Statement by National Endowment for the Arts Chair Maria Rosario Jackson, PhD on National Native American Heritage Month

Each year in November, National Native American Heritage Month is celebrated to highlight the remarkable histories, contributions, and traditions of Native Americans and Alaska Natives. These contributions have shaped our nation. The NEA celebrates the rich and dynamic expressive arts and cultures of Native peoples and acknowledges the central role the arts play in Native community life. Throughout American history, Native Americans have experienced turmoil, great hardship, and generational pain regarding the land on which they were the first peoples. As the United States strengthens its commitments and addresses trust and treaty responsibilities with tribal nations, our country’s efforts to support Native arts and culture must be prominently on that agenda.

The arts serve as a critically important component in for the ways in which Native peoples tell their own stories and forge their futures. The NEA is committed to our engagement with Native arts, languages, and tribes. This year, the NEA introduced the Equity Action Plan for fiscal years 2022-2026, which builds on our continued efforts to expand inclusion and equity to Native communities and tribal colleges and universities.

The arts also serve as a critical piece of Nation-to-Nation work. The NEA works in consultation with tribal nations to inform its policies and guidelines. The NEA Tribal Consultation Policy was developed in dialogue with elected tribal leaders. Tribal consultation helps to build relationships between the NEA and federally recognized tribes by engaging in open, continuous, and meaningful consultation. It is the NEA’s goal that effective consultation will lead to information exchange, mutual understanding, and informed decision-making among all parties.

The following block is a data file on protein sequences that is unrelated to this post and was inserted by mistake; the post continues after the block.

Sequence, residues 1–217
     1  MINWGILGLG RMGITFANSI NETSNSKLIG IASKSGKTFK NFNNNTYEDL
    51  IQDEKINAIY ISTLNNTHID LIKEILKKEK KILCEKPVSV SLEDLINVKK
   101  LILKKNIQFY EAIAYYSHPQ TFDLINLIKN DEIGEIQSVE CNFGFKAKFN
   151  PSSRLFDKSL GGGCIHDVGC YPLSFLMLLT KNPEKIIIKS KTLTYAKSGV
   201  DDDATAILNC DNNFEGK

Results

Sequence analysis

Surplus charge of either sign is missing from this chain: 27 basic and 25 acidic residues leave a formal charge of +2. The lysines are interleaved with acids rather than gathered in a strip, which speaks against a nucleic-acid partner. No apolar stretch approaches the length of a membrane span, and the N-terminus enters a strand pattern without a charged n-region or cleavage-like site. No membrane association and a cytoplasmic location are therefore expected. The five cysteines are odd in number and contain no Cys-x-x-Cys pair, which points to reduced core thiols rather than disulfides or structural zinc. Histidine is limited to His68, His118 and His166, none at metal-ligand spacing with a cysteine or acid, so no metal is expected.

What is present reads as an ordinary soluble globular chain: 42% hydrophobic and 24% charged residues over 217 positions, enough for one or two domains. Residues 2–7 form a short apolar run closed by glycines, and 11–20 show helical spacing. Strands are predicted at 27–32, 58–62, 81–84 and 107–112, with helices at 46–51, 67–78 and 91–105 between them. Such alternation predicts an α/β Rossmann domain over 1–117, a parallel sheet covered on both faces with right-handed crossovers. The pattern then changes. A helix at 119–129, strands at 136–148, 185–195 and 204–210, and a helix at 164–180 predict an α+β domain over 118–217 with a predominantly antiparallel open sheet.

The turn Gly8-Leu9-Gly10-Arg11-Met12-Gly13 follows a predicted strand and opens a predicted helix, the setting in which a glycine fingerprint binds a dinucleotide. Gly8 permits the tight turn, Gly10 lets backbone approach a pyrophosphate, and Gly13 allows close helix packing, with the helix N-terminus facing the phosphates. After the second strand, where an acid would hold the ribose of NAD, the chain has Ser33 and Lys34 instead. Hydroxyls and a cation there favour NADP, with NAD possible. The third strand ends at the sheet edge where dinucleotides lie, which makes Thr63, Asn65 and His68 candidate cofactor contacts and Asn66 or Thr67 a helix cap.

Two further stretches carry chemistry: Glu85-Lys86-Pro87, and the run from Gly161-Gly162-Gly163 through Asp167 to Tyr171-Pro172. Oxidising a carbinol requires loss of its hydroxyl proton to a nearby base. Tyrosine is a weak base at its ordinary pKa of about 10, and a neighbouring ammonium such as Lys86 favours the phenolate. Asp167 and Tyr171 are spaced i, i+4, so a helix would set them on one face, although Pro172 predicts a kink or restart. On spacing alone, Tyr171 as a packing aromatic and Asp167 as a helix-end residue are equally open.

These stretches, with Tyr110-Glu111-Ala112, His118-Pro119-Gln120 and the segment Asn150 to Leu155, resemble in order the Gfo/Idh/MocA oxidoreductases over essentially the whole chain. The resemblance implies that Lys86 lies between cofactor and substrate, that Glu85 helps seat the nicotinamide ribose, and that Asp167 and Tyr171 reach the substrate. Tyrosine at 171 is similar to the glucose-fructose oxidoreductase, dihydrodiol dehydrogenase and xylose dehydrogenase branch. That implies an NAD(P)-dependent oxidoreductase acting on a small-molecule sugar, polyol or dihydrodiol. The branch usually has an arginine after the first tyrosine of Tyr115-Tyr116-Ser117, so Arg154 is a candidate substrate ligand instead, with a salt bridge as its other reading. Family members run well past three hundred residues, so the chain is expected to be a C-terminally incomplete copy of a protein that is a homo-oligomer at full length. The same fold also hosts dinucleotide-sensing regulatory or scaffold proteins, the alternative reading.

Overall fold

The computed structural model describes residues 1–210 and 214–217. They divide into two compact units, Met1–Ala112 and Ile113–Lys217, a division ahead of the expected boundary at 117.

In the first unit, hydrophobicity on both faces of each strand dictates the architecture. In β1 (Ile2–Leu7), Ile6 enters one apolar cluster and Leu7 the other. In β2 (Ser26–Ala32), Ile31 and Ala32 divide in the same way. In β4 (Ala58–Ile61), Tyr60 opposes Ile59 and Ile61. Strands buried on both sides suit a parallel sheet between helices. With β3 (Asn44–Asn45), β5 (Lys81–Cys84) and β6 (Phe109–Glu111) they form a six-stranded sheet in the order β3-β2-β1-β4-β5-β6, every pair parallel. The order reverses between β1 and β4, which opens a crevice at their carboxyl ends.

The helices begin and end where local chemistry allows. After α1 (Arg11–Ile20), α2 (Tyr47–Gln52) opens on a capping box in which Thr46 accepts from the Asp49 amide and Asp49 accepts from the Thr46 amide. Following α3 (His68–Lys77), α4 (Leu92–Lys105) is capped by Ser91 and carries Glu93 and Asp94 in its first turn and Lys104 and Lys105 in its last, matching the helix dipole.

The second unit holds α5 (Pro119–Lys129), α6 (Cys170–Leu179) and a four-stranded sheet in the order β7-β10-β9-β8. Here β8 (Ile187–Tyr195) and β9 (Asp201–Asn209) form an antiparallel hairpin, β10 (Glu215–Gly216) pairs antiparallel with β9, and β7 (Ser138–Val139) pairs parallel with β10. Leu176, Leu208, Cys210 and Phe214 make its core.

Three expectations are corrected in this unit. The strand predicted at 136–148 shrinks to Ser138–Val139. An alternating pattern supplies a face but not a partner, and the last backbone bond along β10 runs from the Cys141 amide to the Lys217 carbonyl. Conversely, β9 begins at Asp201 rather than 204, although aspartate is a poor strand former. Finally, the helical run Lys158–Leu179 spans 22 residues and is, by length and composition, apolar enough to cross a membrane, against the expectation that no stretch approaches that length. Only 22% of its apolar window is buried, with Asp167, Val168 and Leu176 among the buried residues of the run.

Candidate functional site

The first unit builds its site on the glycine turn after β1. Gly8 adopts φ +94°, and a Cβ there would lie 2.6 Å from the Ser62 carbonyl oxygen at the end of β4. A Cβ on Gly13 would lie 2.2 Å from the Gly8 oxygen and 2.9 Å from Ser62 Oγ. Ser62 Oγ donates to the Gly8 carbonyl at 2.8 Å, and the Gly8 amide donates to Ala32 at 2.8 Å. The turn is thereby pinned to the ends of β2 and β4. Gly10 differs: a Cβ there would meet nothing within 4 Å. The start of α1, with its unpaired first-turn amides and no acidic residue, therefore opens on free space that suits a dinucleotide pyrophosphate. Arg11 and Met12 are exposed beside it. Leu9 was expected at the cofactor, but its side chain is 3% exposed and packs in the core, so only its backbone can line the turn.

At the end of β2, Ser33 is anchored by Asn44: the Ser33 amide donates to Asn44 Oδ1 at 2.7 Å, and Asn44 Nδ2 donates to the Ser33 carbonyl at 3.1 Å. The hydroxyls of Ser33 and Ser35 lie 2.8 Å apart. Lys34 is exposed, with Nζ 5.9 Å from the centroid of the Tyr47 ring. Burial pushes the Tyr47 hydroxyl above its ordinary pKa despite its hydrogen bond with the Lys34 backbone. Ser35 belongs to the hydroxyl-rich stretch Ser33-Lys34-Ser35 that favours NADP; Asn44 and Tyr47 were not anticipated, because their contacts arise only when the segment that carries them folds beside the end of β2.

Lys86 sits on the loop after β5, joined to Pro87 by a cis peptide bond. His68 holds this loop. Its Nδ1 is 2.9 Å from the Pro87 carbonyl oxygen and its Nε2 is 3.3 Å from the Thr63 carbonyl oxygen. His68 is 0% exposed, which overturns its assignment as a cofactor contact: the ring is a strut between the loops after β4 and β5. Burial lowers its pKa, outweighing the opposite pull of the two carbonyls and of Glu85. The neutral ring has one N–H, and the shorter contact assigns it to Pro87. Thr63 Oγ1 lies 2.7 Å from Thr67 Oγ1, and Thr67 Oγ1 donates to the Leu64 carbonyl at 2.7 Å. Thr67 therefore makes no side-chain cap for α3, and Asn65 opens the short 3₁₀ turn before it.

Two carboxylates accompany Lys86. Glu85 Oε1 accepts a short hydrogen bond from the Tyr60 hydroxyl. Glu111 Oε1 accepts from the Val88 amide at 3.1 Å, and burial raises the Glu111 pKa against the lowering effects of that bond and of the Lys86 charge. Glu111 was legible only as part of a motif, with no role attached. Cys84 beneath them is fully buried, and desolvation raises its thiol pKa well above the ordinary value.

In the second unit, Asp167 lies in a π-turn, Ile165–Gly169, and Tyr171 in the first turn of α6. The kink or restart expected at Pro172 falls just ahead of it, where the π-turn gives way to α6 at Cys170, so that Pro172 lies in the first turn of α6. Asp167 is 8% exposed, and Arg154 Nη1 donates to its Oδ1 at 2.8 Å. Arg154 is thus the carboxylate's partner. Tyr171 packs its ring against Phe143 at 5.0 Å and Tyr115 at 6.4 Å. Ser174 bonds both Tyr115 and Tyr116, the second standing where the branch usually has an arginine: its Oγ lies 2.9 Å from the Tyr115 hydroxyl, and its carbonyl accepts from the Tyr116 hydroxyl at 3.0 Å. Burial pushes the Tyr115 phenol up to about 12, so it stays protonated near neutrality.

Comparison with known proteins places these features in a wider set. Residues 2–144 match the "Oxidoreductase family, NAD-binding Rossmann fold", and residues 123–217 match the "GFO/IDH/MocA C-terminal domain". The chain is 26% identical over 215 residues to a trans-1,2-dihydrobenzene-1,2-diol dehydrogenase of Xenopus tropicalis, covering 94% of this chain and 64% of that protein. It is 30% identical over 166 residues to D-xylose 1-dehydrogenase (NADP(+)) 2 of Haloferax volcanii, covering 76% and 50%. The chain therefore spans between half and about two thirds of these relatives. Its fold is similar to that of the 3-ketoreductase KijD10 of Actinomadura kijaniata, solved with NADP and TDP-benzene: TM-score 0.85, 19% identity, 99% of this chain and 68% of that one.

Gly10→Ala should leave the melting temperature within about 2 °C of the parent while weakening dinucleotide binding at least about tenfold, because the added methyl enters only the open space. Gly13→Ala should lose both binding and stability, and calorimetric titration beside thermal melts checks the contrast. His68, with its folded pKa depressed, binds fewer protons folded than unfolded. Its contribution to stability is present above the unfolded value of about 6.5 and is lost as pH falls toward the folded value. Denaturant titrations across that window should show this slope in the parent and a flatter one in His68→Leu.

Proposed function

In 2020, the NEA helped make possible a first-of-its-kind national convening titled Native Arts & Culture: Resilience, Reclamation, and Relevance. Co-hosted with National Endowment for the Humanities and Native Arts and Cultures Foundation, the convening focused on Native arts and humanities and bolstered Native leadership, amplified truth-telling, and communicated the importance of equitable resources for Native artists and culture bearers.

We know that the preservation of Native heritage, customs, language, and arts are key to the well-being and advancement of our nation’s next generation. The NEA is a proud signatory to an interagency Memorandum of Agreement supporting Native languages.

Likewise, support for heritage preservation and celebration can be found in our NEA National Heritage Fellowship program, which recognizes and honors artists who demonstrate excellence in their craft. More than 70 Native artists have received the fellowship, including the following:

  • 2022 fellow TahNibaa Naataanii (Navajo/Diné), whose weaving has immeasurably impacted both tradition and contemporary textile arts.